There are tons of resources available, both online and in person, that can help you stick with it. If your heart is set on breastfeeding (like mine was), there are ways to make it work.

Look up a local lactation consultant. Use online resources like KellyMom.com or BabyCenter.com. Call a friend who has had a couple of kids.

You may find that they have helpful ideas. Or, like me, you may find that it’s just a matter of your baby’s mouth growing, and getting the hang of it.

Breastfeeding Gets Better

I’m happy to say that our little bug is feeding well and slowly morphing from frog stage to buddha-baby stage. But every single day I ask myself if things are going well, and if he’s doing okay.

It sounds ridiculous, especially because he’s gaining weight every day and growing before our very eyes. But with breastfeeding, you can’t know exactly how much he’s getting each time, and that can be hard for some.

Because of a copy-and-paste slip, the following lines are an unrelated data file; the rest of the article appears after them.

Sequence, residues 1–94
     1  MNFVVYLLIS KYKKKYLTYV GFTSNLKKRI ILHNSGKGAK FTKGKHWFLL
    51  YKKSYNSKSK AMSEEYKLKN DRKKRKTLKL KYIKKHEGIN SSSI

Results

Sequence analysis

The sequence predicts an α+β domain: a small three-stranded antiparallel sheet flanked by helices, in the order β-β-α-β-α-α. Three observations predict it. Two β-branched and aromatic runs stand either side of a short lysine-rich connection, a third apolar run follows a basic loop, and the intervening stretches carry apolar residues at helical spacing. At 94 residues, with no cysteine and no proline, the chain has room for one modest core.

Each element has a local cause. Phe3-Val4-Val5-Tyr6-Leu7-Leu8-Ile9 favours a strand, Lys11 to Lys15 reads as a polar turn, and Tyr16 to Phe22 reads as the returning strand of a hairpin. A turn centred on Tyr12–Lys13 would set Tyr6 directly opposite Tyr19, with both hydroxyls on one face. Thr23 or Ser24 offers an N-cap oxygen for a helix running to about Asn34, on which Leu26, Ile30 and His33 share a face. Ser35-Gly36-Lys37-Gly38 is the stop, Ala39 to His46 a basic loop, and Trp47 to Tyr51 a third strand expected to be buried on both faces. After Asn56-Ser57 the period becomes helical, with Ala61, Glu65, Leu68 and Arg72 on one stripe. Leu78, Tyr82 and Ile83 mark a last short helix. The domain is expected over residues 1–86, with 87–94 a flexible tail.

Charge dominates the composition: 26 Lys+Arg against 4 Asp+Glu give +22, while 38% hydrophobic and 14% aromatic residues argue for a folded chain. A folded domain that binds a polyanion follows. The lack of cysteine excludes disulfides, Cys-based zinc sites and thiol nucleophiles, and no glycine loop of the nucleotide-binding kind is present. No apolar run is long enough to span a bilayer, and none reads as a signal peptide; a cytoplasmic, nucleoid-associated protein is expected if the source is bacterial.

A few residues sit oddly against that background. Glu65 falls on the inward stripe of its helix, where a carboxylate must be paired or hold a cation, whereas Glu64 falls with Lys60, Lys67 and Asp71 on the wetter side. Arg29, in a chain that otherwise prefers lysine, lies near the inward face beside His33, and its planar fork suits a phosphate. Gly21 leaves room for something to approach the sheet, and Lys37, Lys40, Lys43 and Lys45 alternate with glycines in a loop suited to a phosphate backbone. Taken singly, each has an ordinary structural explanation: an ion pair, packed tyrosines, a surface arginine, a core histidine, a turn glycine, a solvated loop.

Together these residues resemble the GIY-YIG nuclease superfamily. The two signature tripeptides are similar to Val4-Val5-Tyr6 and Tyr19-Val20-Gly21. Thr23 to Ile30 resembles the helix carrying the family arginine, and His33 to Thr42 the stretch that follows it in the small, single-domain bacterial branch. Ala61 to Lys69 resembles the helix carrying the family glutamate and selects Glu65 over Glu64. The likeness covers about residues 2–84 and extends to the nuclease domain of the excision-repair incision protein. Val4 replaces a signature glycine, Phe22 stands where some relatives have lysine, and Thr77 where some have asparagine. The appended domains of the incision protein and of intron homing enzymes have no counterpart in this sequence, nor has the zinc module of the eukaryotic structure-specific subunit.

And even once things are on track and going better, something can come along to throw things out of whack again. One day last week, my Bug didn’t want to eat on the left side. Then, a couple of days later, he wouldn’t take from the right.

Today, he’s been sucking away, only to suddenly turn his head and break himself off the breast. Then, he starts crying because he’s still hungry! Go figure.

You’re Doing Great

There are ups and downs, even when you think you’ve mastered breastfeeding. And that is because your baby is changing and growing every single day. Every day is different, as my mother has told me a million times.

The key is to have patience with yourself, and your baby, and to give yourself a break when you need to. Ask Dad to give the kid a bottle every so often (they say it’s a good idea) and relax a bit.